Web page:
Raymond Kidd is a time traveller. Only he doesn't want to be. He has no say in when or where he goes, or to which time.
Plus, he has to die to do it.
In The Flaw in the Fabric, the first book in Jim Lindsey's trilogy A Travellers Guide for Lost Souls, a shortcut through a cemetery during a hurricane takes Raymond Kidd the long way around through another century and another identity. In 1860 Halifax, he's ship's captain Oliver Cole, just released from the madhouse. While he's away from 2003, the ghosts of two brothers who died in 1860 come back to life in Raymond's house in the future. What ensues is a tragi-comic romance of errors that involves wives and lovers from different lives and results in a spiritual showdown with a rock demon.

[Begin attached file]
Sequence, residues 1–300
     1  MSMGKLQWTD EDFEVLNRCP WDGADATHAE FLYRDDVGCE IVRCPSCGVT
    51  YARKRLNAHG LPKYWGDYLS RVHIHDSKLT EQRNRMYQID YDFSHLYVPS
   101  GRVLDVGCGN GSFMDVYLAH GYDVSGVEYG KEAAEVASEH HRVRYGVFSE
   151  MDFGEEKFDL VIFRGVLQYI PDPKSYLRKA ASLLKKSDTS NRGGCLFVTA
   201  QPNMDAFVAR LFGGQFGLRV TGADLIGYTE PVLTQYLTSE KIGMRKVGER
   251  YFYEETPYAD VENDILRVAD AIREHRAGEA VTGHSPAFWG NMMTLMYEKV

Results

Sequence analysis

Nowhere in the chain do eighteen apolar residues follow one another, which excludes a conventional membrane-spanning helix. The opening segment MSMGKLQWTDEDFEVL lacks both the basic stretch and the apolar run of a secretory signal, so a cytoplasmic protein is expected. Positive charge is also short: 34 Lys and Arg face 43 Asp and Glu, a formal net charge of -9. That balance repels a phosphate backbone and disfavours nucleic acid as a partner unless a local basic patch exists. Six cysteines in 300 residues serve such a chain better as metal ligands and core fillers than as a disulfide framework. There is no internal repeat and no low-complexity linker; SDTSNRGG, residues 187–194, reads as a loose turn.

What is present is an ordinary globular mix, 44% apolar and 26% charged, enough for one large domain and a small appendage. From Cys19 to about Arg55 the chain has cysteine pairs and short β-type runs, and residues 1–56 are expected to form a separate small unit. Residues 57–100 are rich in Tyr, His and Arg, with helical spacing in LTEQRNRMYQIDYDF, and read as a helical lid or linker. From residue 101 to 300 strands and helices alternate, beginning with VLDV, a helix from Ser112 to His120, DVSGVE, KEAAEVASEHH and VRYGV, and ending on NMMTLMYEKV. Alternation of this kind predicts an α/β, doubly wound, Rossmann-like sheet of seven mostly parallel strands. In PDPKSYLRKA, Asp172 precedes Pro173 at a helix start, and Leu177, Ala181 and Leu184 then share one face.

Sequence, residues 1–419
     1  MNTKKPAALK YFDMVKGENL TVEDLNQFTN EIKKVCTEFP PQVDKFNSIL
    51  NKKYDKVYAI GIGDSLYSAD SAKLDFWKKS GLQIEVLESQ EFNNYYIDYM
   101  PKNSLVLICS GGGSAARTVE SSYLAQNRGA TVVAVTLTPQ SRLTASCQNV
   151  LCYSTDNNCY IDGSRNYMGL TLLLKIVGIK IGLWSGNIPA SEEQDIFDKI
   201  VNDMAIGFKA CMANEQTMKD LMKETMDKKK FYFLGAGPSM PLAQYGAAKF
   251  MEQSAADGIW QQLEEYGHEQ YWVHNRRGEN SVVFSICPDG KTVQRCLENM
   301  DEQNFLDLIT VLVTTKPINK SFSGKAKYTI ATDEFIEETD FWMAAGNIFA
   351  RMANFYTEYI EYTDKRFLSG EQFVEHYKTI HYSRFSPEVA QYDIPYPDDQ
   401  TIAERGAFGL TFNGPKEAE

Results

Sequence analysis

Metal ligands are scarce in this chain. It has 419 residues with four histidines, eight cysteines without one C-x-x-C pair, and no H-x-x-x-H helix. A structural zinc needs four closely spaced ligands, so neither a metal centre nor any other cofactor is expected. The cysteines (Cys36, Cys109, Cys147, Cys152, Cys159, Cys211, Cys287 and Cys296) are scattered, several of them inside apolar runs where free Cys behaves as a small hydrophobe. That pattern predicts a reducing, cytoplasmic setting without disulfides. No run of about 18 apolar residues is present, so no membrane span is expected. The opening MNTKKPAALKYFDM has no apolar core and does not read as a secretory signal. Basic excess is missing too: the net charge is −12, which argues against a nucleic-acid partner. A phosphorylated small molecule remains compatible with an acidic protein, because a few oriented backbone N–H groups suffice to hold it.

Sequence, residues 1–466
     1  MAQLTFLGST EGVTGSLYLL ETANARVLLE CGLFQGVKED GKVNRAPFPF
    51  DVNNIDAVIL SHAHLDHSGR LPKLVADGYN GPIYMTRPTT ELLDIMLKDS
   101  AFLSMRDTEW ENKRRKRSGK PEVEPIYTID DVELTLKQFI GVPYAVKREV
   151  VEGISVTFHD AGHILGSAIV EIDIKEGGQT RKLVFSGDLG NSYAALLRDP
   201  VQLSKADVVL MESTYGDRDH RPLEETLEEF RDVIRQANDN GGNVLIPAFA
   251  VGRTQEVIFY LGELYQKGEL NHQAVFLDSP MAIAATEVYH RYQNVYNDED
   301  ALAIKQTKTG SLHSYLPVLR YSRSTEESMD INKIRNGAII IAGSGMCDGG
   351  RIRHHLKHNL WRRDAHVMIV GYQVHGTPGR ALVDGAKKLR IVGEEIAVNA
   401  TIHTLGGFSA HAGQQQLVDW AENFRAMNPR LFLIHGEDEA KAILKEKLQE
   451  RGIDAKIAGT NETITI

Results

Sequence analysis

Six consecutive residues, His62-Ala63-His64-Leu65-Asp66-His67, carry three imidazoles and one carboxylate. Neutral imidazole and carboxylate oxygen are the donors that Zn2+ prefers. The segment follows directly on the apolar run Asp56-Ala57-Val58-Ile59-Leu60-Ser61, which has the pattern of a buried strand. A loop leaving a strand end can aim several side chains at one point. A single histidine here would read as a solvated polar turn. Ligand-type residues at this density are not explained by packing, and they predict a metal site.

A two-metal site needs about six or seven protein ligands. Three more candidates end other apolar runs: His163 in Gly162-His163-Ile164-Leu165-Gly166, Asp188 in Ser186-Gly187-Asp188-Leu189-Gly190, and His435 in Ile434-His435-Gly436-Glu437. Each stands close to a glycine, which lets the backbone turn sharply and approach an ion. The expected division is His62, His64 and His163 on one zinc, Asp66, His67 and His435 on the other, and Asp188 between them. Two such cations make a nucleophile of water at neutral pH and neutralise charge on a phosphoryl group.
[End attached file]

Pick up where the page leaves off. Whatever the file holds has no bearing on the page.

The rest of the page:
Minor characters? Swamp spirits, a queen who lives in a castle in a tree trunk and lures people in to become her statuary, a cemetery guardian who would also like to be reincarnated but must first satisfy an agreement with a certain dark power, a mad Tibetan monk wandering in India who hexes Captain Oliver with a truth he cannot fathom, and two magical instruments he cannot master.
There's a flaw in the fabric of time and space. The two appear to be wearing out. It's Raymond's job, ultimately, to find out why.
He doesn't like it at all.